Yesterday, Mayor Durkan suspended almost all work on the Center City Connector (CCC) Streetcar that would join the First Hill and South Lake Union lines using dedicated lanes on First Avenue. The trigger was a jump in the cost estimate from $177m to over $200m, partly due to estimation “errors” and partly because costs for all construction projects are skyrocketing in the current economy. This is a setback for Downtown and its people-carrying capacity, obviously, but there are too many unknowns to really understand the long-range implications.
What is the impact on FTA funding? Seattle expected a total of $75m from the Federal Transit Administration (FTA) for this project, and canceling it would forfeit this money. If this affects FTA awards for other transit projects like Madison BRT, as streetcar boosters warn, then it will be one of the more disastrous decisions in Seattle’s transportation history.
Is this a pause or a cancellation? The Deputy Mayor’s language clearly describes a mere pause to get a handle on costs by the June 19th project review. However, advocates on both sides reasonably see this as a prelude to killing it altogether. If it is just a short delay, this might have salutary effects. Construction would have coincided with the city’s period of maximum constraint, where the viaduct comes down, Convention Place Station closes, and so on. Although CCC will be an efficient way to move people in the long run, a slip short enough to stay on the FTA’s good side might allow Seattle to stagger the impact of multiple projects.
Where does the money go? Transit-oriented streetcar opponents mostly argue that the same amount of money would achieve much better outcomes if spent on buses. This is a great test of that hypothesis. There is now an extra $100m, minus the continuing utility work and costs to exercise contract cancellation options, in the transportation account. Can it go to more bus hours, which is hard to do with Metro’s capacity limits and leaves no legacy after it’s spent? Could we build more rapid bus corridors? Do the currently planned bus corridors need more money because of escalating costs? Or will the money be siphoned off to tackle homelessness, provide tax relief, or do something else unrelated to transit?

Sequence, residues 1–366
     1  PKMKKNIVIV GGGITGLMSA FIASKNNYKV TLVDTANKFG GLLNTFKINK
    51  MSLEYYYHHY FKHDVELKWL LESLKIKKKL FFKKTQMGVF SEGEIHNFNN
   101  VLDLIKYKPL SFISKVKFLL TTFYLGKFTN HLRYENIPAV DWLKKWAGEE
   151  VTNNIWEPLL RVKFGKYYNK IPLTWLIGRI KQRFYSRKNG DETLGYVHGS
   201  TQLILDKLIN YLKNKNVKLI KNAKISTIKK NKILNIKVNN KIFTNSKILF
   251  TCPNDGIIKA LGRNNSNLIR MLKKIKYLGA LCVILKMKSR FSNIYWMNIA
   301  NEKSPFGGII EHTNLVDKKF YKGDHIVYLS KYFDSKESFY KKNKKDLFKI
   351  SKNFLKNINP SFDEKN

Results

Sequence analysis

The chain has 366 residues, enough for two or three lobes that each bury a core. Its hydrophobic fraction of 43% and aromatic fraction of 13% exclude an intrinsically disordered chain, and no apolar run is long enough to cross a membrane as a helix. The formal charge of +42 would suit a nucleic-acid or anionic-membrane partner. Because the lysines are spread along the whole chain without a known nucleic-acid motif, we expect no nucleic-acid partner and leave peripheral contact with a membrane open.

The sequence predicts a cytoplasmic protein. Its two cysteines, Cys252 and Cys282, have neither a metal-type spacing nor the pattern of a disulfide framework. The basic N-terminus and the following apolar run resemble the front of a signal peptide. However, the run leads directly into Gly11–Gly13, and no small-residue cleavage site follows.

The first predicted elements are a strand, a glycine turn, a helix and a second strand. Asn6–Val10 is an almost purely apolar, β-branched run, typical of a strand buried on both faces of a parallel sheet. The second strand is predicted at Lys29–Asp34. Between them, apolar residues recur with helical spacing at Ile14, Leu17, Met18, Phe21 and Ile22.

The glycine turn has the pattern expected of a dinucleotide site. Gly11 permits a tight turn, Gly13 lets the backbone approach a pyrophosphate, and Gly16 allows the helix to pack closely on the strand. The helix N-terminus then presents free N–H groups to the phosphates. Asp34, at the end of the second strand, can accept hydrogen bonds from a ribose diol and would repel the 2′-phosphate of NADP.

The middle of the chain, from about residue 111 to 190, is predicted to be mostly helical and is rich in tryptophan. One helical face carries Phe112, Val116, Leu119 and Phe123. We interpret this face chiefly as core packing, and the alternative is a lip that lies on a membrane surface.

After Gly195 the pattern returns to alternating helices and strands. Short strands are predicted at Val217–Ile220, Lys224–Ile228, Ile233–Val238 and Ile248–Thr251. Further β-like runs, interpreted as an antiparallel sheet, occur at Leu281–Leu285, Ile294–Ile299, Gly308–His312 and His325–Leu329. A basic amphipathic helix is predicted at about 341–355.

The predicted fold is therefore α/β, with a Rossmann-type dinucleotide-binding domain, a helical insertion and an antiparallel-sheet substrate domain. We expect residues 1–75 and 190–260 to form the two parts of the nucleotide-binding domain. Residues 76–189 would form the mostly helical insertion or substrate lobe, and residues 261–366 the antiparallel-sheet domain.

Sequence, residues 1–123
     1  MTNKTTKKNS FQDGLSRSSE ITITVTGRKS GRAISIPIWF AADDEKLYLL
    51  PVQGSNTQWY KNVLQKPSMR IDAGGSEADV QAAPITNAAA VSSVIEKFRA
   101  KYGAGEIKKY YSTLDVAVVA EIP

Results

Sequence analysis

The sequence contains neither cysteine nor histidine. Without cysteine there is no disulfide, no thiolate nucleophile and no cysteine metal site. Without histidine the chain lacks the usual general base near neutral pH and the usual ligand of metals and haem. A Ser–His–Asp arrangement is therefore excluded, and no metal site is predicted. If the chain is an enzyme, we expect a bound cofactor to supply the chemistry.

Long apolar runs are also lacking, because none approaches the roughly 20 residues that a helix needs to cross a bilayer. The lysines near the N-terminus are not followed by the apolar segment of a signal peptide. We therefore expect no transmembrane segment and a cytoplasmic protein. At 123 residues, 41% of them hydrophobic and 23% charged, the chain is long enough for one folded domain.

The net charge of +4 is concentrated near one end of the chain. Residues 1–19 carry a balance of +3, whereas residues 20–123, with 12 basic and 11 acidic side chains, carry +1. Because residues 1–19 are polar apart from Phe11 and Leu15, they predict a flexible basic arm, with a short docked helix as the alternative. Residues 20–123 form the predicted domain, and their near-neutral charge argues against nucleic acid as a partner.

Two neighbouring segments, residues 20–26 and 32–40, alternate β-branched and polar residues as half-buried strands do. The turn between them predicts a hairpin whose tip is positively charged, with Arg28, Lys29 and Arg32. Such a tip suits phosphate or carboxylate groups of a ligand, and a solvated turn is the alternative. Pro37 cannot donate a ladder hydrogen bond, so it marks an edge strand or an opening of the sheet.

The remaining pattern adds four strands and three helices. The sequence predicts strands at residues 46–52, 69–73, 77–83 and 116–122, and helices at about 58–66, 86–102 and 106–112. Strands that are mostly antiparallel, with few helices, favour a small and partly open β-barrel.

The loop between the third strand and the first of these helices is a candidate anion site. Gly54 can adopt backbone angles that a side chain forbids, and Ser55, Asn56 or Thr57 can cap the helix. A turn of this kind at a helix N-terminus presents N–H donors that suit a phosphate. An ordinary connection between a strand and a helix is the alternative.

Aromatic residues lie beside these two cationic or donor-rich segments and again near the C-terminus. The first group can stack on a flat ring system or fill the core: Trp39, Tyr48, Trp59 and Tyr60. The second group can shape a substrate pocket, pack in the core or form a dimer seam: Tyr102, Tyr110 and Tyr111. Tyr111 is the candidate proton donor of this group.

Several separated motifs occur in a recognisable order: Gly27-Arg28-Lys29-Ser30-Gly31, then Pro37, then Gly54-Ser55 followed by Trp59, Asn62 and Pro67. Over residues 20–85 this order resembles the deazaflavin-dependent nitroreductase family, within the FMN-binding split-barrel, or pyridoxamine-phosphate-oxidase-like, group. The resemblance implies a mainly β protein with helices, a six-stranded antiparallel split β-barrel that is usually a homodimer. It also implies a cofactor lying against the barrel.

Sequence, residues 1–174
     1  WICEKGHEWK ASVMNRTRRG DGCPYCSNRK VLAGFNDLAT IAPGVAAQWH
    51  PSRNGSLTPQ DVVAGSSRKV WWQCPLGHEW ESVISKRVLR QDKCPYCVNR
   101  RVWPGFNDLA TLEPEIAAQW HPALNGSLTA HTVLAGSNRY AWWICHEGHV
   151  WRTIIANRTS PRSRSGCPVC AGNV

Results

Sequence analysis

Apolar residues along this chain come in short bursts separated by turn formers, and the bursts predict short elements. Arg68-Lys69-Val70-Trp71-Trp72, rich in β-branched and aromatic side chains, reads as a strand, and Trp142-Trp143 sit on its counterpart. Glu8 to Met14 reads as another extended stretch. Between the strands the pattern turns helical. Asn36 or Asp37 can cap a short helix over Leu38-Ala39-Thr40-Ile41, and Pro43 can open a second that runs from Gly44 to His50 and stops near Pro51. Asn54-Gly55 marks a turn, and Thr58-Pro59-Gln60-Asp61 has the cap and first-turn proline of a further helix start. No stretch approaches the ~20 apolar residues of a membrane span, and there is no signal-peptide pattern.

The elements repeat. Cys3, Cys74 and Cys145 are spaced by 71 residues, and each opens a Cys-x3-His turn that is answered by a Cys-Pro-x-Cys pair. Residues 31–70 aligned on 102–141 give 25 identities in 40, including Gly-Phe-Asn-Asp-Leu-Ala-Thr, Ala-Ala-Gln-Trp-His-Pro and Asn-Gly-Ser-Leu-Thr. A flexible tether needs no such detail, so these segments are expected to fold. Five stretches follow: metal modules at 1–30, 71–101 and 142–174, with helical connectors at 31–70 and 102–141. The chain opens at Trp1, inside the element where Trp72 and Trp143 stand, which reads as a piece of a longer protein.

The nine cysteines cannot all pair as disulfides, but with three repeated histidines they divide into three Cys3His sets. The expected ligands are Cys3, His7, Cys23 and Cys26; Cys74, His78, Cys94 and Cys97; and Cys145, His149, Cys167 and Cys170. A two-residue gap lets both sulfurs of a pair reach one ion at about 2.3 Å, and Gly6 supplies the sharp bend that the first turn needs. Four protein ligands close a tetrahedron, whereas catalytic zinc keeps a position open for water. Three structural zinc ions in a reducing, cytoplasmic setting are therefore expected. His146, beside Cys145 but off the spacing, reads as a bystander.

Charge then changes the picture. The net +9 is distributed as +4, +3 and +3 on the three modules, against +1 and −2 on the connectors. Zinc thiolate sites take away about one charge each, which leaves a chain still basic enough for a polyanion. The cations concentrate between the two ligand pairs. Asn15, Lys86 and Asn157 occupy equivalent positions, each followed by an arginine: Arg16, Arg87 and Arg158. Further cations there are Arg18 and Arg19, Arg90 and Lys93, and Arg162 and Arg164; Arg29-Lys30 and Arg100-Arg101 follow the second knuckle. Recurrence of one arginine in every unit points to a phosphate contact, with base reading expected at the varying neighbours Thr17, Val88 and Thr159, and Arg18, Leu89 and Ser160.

What would have paid for the overruns? If the streetcar never opens, we will never get the answer to this. But the $23m shortfall would have been filled from something, and this is the converse question to #3.
How will we move through downtown? A lot of Seattle’s job and residential growth is happening in greater downtown. ST3, when built out, will provide the capacity to move about 36,000 people per hour* through the two tunnel lines. That’s a colossal number of people — but it may not even absorb the growth in jobs in that area over the next few decades. Third Avenue is near its bus capacity. Although One Center City may yet piece together some right of way, the CCC’s dedicated chunk of First Avenue would have been very useful for moving people efficiently. Redistributing resources to bus routes that go further into the neighborhoods has its merits, but doesn’t solve the problem of the city’s most important bottleneck.
* assuming 60 trains per hour and 600 people per train on the five approaches to downtown.
Thanks to a sponsorship deal with the Mariners, for the first two months of the season both digital and printed baseball tickets also serve as a valid Link fare. Until June 3rd, riders can present the ticket for that day’s home game to fare enforcement up to 3 hours before first pitch (typically 1:10 or 7:10) and through the end of the day.
To further eliminate excuses for skipping the train, Uber is discounting rides to the two Link terminal stations (UW and Angle Lake). Even though Sounder and ST Express aren’t included in the deal, a broad segment of the region now has an inexpensive means of avoiding game traffic entirely.
ST spokesperson Kimberly Reason says that the arrangement with the Mariners is a pilot. The finance staff estimated the agency makes about 24 cents per Mariners attendee (whether or not they take the train). At the end of the pilot, the team will write a check based on the attendance over the entire period.
A fare-free transit system isn’t good for most transit riders until other revenue streams fund transit service beyond the point of diminishing returns. However, an ideal (but unenforceable) framework would charge regular users a flat fee to fund the system while letting everyone use the system occasionally for free. This gives more people a stake in the system, makes the marginal cost of riding zero, and eliminates the friction of handling fares from those infrequent users.
Deals like this one provide small glimpses of that ideal system. By (in effect) giving Sound Transit a cut of baseball ticket revenue, a large number of novice riders don’t have to mess with fares and have strong incentives to ride. Let’s hope it makes enough of a measurable difference that all parties decide to continue the experiment.
With over a quarter of blocks missing sidewalks and a backlog of street projects, the city is contemplating adopting a transportation impact fee as a way to help pay for new infrastructure needed to handle growth.